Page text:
Yes, our wildlife experience of the day was a box turtle with a black shell and mesmerizing gold patterns on his back and head. The markings were so intricate as to appear painted on the shell. I wondered for a moment whether this had been a pet that was released, or if this was natural design. Some of it resembled the Greek letters I had learned about in college. The turtle was about as big as my hand. It was equally entertaining a few minutes later to hear the kids behind us upon their discovery. “Wow look, a turtle!” “How cool!”

By now the fog had completely lifted, but the air had not stopped sucking the moisture out of the ground. Despite the very pleasant air temperature, this was without a doubt the most humid hike I’ve done this summer. My shirt, even my pants were totally soaked. Occasionally I would stop to wring the kerchief I was using to mop my face. I know, I shouldn’t complain. Most people were at work and here I was in the beautiful forest.

We began to hear the voices of some of those workers as the trail reached its closest point to the town of Brevard. It begins to make a sweeping left turn from the east to the north and continues its descent back toward Davidson River. It passes the Sycamore Flats picnic area along Hwy 276 and then reaches the end at a bridge over a small stream that feeds the river. Coming in from the right, from Brevard, is Estatoe Trail, a community exercise path that connects the town with Davidson Campground.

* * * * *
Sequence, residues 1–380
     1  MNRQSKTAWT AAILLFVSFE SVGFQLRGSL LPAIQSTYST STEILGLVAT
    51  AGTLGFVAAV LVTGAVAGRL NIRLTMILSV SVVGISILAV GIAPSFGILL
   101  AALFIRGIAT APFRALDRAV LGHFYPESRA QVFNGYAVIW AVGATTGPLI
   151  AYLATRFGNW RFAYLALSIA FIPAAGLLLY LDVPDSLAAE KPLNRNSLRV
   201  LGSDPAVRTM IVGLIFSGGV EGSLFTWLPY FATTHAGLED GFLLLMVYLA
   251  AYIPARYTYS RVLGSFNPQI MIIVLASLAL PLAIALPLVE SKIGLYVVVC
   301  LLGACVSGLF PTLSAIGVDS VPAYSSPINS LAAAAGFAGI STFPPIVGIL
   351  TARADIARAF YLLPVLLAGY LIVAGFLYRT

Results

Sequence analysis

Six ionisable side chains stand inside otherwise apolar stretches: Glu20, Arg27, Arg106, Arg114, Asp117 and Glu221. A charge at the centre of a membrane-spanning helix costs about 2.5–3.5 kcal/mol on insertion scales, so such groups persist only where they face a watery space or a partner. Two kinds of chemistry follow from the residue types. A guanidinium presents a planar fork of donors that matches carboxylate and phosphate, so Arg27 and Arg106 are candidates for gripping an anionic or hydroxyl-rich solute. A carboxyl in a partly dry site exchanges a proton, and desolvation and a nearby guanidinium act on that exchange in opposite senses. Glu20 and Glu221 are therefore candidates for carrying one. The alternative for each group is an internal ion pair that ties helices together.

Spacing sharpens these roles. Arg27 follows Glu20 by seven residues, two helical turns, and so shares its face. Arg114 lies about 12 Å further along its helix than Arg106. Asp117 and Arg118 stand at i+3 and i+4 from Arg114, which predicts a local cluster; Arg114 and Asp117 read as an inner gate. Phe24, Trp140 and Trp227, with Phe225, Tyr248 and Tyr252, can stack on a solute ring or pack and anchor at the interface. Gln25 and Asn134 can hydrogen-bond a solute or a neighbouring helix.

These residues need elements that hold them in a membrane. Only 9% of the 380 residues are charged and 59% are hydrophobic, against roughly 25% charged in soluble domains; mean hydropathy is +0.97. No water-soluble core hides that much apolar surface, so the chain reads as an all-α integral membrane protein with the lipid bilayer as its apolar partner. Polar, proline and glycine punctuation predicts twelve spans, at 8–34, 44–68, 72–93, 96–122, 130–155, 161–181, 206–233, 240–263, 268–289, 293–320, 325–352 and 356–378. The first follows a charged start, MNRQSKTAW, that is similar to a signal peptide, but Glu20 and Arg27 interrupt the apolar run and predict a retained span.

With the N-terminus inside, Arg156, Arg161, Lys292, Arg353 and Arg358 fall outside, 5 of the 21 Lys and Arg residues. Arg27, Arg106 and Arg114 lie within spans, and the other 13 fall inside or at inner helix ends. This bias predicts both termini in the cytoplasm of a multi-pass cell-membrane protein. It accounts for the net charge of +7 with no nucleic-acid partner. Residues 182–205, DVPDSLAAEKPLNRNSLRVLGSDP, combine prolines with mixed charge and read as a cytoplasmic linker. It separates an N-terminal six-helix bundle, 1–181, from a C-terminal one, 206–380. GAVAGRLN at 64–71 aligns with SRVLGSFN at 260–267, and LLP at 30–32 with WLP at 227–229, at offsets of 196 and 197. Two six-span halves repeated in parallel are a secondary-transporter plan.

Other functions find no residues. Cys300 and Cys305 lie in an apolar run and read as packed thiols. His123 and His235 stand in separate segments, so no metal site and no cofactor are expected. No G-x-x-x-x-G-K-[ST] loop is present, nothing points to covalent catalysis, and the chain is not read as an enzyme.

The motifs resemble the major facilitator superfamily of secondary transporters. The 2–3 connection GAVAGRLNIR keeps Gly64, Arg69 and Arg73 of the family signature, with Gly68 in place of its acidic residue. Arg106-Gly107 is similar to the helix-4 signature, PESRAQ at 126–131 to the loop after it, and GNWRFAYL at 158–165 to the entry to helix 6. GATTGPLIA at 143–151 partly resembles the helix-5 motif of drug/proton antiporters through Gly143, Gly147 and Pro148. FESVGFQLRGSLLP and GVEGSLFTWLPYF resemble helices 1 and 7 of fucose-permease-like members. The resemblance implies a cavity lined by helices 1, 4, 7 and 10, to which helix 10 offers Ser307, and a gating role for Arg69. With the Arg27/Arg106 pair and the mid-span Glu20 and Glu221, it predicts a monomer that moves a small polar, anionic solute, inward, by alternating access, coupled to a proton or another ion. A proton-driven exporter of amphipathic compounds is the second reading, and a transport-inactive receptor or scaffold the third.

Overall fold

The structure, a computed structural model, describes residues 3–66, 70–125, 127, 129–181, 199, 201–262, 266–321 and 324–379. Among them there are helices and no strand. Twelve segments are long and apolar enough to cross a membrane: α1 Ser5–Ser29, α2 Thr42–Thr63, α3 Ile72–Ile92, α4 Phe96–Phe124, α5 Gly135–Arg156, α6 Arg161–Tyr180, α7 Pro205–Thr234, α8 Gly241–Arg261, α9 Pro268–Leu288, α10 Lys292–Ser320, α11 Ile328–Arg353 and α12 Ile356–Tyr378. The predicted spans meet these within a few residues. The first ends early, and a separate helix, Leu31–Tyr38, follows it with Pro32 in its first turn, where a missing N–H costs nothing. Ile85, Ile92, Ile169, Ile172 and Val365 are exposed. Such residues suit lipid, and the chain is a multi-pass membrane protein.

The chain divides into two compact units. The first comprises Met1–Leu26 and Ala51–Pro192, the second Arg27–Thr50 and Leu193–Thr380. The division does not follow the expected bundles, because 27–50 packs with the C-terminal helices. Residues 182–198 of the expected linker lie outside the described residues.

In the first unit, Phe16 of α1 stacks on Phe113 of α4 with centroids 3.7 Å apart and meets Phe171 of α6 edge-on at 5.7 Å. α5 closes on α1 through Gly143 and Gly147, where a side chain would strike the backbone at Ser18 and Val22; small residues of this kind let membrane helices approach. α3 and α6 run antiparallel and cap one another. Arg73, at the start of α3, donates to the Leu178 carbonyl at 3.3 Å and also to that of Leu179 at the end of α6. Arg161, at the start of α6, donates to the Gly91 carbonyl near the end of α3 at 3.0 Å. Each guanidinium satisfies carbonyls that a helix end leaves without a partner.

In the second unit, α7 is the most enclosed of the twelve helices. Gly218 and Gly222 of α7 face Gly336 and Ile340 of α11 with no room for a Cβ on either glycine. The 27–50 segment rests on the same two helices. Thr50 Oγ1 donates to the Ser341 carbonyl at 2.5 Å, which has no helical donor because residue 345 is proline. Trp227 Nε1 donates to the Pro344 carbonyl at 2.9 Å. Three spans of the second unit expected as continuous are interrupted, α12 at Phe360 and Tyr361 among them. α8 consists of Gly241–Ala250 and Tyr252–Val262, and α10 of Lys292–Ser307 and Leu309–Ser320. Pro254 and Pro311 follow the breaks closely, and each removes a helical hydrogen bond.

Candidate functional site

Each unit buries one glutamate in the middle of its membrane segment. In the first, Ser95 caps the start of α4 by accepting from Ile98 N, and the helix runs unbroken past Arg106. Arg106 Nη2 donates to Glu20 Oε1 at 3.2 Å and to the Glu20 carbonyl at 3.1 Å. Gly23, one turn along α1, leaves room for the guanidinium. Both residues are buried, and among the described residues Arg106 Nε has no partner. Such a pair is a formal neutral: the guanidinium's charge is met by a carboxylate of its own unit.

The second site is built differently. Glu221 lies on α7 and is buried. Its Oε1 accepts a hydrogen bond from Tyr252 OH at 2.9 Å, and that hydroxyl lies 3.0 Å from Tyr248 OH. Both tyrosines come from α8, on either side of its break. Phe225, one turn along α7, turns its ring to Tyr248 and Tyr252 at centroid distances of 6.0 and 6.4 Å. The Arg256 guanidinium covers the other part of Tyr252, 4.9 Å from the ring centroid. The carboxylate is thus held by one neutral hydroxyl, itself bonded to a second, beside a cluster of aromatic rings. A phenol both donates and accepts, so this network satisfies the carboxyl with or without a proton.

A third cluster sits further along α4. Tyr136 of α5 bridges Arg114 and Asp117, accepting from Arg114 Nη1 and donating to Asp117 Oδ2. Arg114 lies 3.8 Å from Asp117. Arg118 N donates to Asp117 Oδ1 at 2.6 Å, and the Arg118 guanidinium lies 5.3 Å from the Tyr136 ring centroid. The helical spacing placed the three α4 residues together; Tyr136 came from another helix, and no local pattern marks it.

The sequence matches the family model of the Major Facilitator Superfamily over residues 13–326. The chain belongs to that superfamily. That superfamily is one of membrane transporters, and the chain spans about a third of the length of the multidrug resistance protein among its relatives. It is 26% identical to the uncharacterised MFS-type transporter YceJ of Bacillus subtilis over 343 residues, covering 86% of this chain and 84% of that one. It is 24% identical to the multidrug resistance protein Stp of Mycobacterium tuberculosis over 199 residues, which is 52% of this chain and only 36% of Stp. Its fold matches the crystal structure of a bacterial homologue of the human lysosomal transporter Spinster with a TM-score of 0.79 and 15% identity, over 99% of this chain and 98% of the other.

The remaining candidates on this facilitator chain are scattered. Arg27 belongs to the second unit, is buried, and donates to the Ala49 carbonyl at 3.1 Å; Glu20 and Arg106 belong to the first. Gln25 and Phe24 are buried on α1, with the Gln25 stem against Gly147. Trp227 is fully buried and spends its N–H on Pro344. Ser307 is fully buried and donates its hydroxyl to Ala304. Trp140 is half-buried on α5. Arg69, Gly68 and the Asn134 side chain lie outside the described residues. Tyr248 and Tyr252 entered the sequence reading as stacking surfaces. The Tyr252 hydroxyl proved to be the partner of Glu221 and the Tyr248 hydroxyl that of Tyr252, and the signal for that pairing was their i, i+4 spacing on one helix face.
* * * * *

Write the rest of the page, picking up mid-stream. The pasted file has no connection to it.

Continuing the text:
Jackson Hole, Wyoming, Big Bear, California, and Gatlinburg, Tennessee, are the only other places that can brag about being able to walk from a downtown area into a national forest. It’s a beautiful spot along the Davidson River. That’s the picture at the top of this post. Click it for a larger image.

Turning left here, we began the nice mellow stroll back to the campground. The trail crosses under some large power transmission lines where the local garden club has done a nice job of spreading wildflowers to make the power line cut more palatable.

You can walk on either side of the river. The original trail is on the south side, and the Estatoe Trail is on the north side. There is a nice wooden foot bridge to cross the river, but we found the Estatoe Trail to be somewhat flooded, so we opted for the dryer path. It passes the Schenck Job Corps Conservation Center and then enters the east end of the campground. From there it’s less than a half mile back to the vehicle bridge and the parking area where we left our car.

If you’re a fan of forest hikes, this may be just the one for you. There aren’t any high mountain vistas to see, only beautiful trees, bushes and ground cover. The forest is filled with sounds, from the wind on the boughs to the birds in their morning revelry. This is a good eight mile leg stretcher that isn’t overly difficult. You will get your exercise, but likely won’t be sore the next day. It’s very easy to get to, less than two miles from the Hwy 280/276/64 junction in Brevard. Give it a try.

 

 

This post was created by Jeff Clark. Please feel free to use the sharing icons below, or add your thoughts to the comments. Pack it in, pack it out. Preserve the past. Respect other hikers. Let nature prevail. Leave no trace.